When it comes to career trajectory, I peaked early. It was 15 years ago; I was in my early 30s, and I was working my way up the ranks as a TV journalist. My wife, Gillian, was on track to make partner at her boutique management consulting firm. We lived in a beautiful house in downtown Toronto. We were earning salaries that had seemed unattainable just a few years earlier. Everything was going according to plan. Well, almost everything.
The problem was, we were tired and stressed out and overworked. Both of us had bosses who acted like they had just been plucked from central casting — total assholes. Then we had two kids in two years, and everything fell apart. Suddenly, climbing the corporate ladder no longer felt like the most important thing in the world. Suddenly, we fell out of love with the rat race. We weren’t happy, and it was clear to both of us that nothing short of drastic change was necessary. So we did something that lots of people dream of, but few actually do. We threw everything away — our careers, our home, our life in the city — and we bought a farm.
Now, the City Folk Move To The Country story is an old trope, one that has experienced a revival in recent years. We all know how the narrative goes: there are humorous interactions with the locals, misadventures with farm animals, and at some point the discovery of the pleasures of a slower, simpler life. It doesn’t matter if it’s Green Acres or A Year in Provence; the storyline is essentially the same. Nowadays, the experience must be also be documented with a blog.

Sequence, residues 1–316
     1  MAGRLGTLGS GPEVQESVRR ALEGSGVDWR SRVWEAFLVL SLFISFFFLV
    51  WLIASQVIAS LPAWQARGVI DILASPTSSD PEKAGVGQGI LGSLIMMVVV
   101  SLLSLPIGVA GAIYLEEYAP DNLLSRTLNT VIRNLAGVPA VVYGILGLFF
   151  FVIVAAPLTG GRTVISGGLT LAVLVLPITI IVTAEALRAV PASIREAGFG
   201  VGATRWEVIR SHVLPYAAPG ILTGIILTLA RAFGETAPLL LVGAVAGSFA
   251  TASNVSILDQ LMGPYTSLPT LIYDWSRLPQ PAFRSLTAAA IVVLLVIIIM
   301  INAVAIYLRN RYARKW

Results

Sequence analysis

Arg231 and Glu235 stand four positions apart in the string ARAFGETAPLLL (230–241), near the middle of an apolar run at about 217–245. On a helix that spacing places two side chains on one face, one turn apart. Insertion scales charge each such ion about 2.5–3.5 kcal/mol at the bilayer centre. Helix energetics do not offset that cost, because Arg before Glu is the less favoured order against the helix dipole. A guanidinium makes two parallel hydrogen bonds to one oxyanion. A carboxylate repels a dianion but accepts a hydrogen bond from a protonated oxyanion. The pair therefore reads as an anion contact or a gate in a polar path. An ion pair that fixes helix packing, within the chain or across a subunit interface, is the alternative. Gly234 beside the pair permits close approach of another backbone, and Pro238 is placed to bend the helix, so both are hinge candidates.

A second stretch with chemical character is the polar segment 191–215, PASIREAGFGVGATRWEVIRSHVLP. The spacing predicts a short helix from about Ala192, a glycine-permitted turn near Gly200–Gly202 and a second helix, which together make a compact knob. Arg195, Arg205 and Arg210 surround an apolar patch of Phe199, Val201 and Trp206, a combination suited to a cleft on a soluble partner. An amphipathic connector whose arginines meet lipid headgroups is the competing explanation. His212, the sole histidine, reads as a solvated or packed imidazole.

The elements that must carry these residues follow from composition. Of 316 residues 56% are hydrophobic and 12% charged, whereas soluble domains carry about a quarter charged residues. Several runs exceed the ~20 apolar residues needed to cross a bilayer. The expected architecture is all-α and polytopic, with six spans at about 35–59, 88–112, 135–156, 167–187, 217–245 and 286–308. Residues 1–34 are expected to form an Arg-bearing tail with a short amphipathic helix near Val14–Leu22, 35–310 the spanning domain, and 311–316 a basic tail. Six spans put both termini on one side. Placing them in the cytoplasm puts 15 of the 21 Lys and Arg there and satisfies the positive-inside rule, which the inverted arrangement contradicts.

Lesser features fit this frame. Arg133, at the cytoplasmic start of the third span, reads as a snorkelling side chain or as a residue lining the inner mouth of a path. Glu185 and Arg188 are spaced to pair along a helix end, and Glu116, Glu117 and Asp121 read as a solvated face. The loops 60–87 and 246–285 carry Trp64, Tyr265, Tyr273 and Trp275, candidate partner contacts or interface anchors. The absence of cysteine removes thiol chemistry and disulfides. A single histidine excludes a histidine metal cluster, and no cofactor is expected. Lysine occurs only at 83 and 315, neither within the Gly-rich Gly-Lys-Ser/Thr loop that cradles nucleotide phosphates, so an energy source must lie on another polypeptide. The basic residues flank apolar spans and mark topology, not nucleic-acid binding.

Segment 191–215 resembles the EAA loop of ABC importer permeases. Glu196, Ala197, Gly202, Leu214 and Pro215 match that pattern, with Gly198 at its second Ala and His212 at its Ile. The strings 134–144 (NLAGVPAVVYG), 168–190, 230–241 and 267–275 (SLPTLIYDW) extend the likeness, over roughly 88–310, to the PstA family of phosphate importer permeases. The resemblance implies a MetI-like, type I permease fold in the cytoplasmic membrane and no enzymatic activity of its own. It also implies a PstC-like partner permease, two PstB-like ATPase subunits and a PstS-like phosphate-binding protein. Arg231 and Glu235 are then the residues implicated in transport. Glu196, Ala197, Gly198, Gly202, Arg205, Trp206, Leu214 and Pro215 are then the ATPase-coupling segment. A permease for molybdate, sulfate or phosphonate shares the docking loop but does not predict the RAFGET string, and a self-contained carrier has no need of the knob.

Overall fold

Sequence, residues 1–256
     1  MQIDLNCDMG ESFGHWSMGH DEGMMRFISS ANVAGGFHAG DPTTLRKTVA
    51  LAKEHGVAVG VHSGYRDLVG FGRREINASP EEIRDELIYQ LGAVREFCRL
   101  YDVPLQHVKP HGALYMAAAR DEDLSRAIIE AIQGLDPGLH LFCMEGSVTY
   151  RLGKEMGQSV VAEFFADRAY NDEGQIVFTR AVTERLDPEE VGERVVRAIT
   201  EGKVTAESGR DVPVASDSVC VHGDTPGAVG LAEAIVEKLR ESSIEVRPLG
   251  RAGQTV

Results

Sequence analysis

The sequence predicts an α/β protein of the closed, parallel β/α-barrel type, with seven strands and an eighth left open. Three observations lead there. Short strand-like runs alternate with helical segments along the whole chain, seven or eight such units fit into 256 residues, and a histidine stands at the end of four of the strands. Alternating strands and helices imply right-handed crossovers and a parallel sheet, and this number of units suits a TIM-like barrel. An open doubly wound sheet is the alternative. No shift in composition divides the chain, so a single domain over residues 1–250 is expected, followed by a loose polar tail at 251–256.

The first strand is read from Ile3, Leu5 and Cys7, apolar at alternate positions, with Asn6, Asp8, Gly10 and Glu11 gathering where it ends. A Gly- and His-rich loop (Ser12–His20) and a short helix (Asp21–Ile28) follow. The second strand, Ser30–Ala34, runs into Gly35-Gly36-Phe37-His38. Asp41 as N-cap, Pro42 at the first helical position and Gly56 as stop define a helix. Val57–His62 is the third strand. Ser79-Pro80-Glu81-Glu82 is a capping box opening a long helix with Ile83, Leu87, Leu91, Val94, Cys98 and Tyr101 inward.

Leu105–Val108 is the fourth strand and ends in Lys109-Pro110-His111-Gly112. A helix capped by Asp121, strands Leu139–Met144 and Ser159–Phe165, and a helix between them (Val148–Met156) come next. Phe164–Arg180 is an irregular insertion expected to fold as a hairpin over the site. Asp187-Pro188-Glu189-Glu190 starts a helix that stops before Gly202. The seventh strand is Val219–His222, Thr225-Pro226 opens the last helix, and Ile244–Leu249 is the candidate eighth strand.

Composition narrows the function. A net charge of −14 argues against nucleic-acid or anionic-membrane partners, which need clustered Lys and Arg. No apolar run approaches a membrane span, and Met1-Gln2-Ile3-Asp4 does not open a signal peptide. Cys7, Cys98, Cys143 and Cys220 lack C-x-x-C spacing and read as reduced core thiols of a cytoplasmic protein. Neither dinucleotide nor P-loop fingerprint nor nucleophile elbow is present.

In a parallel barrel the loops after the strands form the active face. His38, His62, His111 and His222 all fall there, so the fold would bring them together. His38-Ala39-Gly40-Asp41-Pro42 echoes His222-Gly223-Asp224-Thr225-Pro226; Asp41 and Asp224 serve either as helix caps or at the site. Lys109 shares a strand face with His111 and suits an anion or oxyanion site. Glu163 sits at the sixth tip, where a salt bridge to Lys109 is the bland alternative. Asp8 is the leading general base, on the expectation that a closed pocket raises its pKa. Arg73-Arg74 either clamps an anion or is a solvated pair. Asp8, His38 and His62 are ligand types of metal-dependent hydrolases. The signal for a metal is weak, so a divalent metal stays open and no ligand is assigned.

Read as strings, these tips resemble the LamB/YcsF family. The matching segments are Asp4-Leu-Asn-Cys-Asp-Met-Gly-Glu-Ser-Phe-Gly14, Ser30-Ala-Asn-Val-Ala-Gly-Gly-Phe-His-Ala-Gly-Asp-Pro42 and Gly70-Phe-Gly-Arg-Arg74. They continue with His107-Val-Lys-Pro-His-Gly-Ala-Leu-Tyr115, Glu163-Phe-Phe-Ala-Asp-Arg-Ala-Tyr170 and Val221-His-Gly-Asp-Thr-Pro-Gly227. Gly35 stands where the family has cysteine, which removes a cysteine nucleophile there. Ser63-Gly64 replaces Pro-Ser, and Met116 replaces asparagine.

We kept to this script for the first few years after we made the move. We planted a garden and started selling our produce in the farmers’ market in the little village of Creemore, down the hill from our farm. Our coop wasn’t ready when our first batch of chickens arrived at the local feed store, so we ended up with 50 fluffy yellow chicks living in our bathtub. We did all the stupid things you would expect a couple of urban professions to do if they moved to a farm. But at some point our story diverged from the standard narrative, for one simple reason: we needed money.
Abandoning lucrative careers and liquidating all your assists to buy a run-down farm is not often a formula for financial success. After a couple of years of putzing about in the garden and pissing away our life’s savings, we were out of money, and we faced a stark choice: either put our tails between our legs and skulk back to the city, or turn our farm into a profitable business. We chose the later.
We attacked our new project with the same zeal that we had brought to our old careers. We expanded our gardens, started selling to restaurants and retail stores, we hustled and cajoled and cold-called clients, and we worked in the fields from dawn to dusk. But farming isn’t the easiest way to make money, as we soon discovered. To become profitable, we would have to work like dogs. For years.